#ruby

TILFebruary 20, 2019by Alexander Budchanov

AND & OR Operators Precedence

Are you still sure that && and and is the same operators? Look at this:


a = true && false

a

=> false


a = true and false

a

=> true

The same situation could be reproduced for || and or. Why? The answer lies in Ruby Operator Precedence.

The first example can be represented as:


a = (true && false)

Second:


(a = true) and false

Thanks to Igor Alexandrov

TILFebruary 03, 2019by Dmitry Voronov

Use hash or case-statement in Ruby?

Often, when we need to get a value based on the other one, we're using a case-statement. Like this


def realizing_trade_type(realizable_trade_type)

  case realizable_trade_type

  when 'buy'

    'sell'

  when 'short'

    'cover'

  when 'buy_contract'

    'sell_contract'

  when 'short_contract'

    'cover_contract'

  end

end

But, if the conditions and the results are simple values, why don't we use hash for this? We can :)


REALIZING_TRADE_TYPES = {

  'buy'            => 'sell',

  'short'          => 'cover',

  'buy_contract'   => 'sell_contract',

  'short_contract' => 'cover_contract'

}.freeze

Here is the benchmark of both options, executed 10000000 times. It shows that a hash is faster in times for such the kind of usage.


>> require 'benchmark'

true

>> Benchmark.bm(15) do |x|

  x.report('hash') { 10_000_000.times { REALIZING_TRADE_TYPES['buy'] } }

  x.report('case-statement') { 10_000_000.times { realizing_trade_type 'buy' } }

  x.report('empty') { 10_000_000.times {} }

end

                      user     system      total        real

hash              0.990423   0.003412   0.993835 (  1.057612)

case-statement    1.752263   0.004531   1.756794 (  1.762030)

empty             0.380810   0.000728   0.381538 (  0.382153)

So, it's better to use a hash when you are just retrieving some values (like in the example above). If there is additional logic to execute, a case-statement is still a way to go.

TILJanuary 26, 2019by Andrey Morozov

Command for create zip archive without gem's 📁


class CreateZipCommand

  def call(files)

    # Create temp directory for files 

    tmp_dir = Dir.mktmpdir

    tmp_zip_path = File.join(tmp_dir, "files.zip")



    # Move files to the temporary folder you created above

    files.map do |file|

      download_file(file, tmp_dir)

    end



    # Go to the folder and archive the entire contents

    `cd #{tmp_dir} && zip #{tmp_zip_path} ./*`



    # Return zip path

    tmp_zip_path

  end

end



> CreateZipCommand.new.call(files)

=> "/var/folders/bk/0c864z710654sx555jpdpx9c0000gn/T/d20190126-7447-d27fpl/files.zip")



Most gems for working with archives eat a lot of memory when working with large files. This solution does not have these problems.

Make sure that the zip utility is installed on your computer - it don't work without it

TILJanuary 23, 2019by Andrey Morozov

Webhook integration in development with Ngrok 🚀

All begin when I’m using the Pipedrive (is a sales management tool designed to help small sales teams manage intricate or lengthy sales processes) webhook.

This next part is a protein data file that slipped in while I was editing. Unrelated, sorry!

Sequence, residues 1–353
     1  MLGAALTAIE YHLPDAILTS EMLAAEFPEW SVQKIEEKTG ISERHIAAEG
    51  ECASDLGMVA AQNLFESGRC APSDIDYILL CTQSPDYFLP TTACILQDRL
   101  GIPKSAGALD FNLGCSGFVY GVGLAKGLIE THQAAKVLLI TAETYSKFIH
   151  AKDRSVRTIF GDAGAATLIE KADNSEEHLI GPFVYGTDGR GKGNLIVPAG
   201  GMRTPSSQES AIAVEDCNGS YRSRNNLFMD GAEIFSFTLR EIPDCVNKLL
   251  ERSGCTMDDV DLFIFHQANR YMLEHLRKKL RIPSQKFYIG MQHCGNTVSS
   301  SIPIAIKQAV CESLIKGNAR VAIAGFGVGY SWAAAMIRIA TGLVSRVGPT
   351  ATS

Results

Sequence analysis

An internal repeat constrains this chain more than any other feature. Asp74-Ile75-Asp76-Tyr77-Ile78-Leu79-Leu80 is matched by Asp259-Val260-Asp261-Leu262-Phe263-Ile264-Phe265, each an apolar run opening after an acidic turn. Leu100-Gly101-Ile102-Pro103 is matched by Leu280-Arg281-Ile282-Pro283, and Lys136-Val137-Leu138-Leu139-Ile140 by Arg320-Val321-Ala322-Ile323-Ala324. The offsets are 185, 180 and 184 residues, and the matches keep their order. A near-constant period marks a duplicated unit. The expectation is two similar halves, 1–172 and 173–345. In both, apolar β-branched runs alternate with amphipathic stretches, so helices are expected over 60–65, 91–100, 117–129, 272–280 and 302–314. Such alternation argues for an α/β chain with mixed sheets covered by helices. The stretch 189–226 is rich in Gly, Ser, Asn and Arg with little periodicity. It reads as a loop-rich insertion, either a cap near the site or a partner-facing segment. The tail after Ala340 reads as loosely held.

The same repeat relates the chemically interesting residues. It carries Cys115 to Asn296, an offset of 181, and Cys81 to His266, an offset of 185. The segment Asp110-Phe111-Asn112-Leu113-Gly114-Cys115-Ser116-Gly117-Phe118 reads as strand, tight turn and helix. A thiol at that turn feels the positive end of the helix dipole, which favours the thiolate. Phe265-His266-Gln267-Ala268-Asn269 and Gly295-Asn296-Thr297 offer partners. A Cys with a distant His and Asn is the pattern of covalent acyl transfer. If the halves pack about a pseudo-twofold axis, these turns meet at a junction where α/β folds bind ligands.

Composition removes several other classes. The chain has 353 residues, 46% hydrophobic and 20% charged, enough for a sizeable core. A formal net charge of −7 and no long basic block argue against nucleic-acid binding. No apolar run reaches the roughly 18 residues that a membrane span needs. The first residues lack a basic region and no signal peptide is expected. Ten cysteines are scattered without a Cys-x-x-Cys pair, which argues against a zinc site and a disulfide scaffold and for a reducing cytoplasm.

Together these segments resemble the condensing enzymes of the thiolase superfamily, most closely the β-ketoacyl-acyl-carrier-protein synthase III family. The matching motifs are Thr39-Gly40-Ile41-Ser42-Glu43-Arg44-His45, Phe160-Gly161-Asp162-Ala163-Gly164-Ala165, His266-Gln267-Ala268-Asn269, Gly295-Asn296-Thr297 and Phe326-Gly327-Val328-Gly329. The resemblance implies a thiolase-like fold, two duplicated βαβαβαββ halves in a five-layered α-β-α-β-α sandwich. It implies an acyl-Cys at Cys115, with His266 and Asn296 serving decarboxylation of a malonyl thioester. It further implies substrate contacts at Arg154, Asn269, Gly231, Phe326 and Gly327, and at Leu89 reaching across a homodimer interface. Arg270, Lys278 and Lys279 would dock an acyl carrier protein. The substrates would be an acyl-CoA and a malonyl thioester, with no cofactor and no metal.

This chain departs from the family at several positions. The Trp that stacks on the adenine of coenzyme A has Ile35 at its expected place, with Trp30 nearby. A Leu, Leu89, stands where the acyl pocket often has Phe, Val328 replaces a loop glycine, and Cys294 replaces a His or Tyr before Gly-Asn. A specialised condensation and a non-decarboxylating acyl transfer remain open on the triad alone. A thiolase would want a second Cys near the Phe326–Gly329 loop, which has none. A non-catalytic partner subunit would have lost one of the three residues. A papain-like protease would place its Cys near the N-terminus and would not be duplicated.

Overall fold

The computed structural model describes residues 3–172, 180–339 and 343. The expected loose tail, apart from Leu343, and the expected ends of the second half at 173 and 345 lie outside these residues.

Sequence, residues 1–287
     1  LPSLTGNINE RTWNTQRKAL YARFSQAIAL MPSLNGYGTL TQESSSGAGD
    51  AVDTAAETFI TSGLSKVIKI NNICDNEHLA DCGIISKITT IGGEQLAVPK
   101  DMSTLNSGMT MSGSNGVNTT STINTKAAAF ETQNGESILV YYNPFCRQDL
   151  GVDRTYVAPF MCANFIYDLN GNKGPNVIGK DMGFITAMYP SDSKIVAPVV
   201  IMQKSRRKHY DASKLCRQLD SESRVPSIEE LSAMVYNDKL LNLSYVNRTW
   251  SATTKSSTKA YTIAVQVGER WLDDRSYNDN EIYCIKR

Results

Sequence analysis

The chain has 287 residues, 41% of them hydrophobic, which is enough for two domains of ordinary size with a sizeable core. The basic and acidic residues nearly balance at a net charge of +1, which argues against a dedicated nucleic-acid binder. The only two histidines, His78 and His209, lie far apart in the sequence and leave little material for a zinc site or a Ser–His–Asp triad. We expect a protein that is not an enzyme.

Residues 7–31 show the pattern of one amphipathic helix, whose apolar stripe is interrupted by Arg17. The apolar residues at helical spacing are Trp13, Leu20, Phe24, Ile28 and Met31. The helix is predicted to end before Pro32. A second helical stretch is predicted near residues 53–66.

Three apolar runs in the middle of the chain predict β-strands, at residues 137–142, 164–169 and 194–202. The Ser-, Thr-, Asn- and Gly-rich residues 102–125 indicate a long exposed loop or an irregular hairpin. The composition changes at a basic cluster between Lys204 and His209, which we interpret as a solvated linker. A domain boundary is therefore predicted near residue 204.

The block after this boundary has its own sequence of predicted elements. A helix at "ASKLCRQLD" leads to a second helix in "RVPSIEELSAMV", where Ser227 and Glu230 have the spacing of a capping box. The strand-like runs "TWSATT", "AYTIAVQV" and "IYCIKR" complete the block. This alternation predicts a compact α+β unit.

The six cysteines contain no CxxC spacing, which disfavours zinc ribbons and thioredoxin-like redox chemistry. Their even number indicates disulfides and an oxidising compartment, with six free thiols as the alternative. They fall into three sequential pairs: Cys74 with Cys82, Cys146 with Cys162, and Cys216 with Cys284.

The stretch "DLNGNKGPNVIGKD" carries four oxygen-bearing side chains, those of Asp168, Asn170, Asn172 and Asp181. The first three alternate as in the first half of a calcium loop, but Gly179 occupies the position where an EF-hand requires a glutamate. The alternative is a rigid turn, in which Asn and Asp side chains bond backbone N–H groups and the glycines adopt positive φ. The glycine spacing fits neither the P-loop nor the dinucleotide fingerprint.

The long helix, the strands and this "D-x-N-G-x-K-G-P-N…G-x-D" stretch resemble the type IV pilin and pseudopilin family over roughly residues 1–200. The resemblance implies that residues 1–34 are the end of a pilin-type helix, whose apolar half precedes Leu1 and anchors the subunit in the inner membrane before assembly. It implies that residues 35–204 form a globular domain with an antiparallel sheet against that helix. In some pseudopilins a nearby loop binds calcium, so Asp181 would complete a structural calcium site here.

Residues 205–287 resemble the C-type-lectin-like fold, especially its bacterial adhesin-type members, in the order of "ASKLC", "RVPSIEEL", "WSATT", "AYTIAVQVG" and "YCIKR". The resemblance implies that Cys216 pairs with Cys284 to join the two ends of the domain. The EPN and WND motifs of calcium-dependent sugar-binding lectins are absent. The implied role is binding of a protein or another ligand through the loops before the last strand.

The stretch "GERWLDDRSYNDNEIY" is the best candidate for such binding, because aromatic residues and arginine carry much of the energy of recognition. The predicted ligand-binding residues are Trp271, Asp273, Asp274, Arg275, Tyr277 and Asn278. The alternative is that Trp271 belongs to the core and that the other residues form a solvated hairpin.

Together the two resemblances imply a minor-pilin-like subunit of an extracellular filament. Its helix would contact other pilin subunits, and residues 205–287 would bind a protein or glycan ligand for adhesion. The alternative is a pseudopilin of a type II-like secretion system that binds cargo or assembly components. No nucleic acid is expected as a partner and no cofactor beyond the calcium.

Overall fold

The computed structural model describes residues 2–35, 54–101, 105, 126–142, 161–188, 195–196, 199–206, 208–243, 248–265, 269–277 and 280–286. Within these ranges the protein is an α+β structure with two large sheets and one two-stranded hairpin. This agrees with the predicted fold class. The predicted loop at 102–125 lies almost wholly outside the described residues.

The solution was easy I just create an ngrok tunnel


> ngrok http 3000 



Session Status                online

Account                       Andrey (Plan: Free)

Version                       2.2.8

Region                        United States (us)

Web Interface                 http://127.0.0.1:4040

Forwarding                    http://b1256cb6.ngrok.io -> localhost:3000

Forwarding                    https://b1256cb6.ngrok.io -> localhost:3000

and then sent the webhook to the generated address and it works. In local development I can user webhook from another api! It's work 🚀

To use it you need to do 4 steps:

  1. Register on ngrok

  2. Download ngrok from site

  3. Connect your account

  4. Run it 🚀


ps

In addition, this service has a ngrok-tunel gem that allows you to fully integrate it with your application. But that's another story 💎

TILJanuary 07, 2019by Dmitry Voronov

How to create zip files on the fly w/o Tempfile

There are many articles about how to archive files from the server and send a zip-file to a client without persisting it on the server. But usually they don't literally do it, because they use temporary files.

There is a simple way to do it without creating any file though. You just have to put files directly to Zip::OutputStream and then read from it. Btw pay attention: you must rewind the stream before reading it.


# some files objects

def download(files)

  zip_stream = Zip::OutputStream.write_buffer do |zip|

    files.each.with_index(1) do |file, index|

     # file name must be uniq in archive

      zip.put_next_entry("#{file.name}--#{index}.#{file.extension}")

      zip.write(file.read.force_encoding('utf-8'))

    end

  end

  # important - rewind the steam

  zip_stream.rewind

  send_data zip_stream.read, 

            type: 'application/zip', 

            disposition: 'attachment', 

            filename: 'files-archive.zip'

end

LongreadsMarch 01, 2018by Eugene Komissarov

Protocol OAuth2: let’s play with Doorkeeper & Omniauth/OAuth2. Part 1.

Know your sandbox: shallow dive into OAuth2 protocol with Rails and Doorkeeper.
Read more
LongreadsFebruary 20, 2018by Igor Alexandrov

Ruby string literals VS Value objects. Overengineering?

A guide on how to get rid of string literals in Ruby with Rails 5 Attributes API
Read more
LongreadsJanuary 29, 2018by Dmitry Voronov

Dry-rb and Trailblazer Reform

Why do we use dry-rb and Trailblazer Reform on the backend?
Read more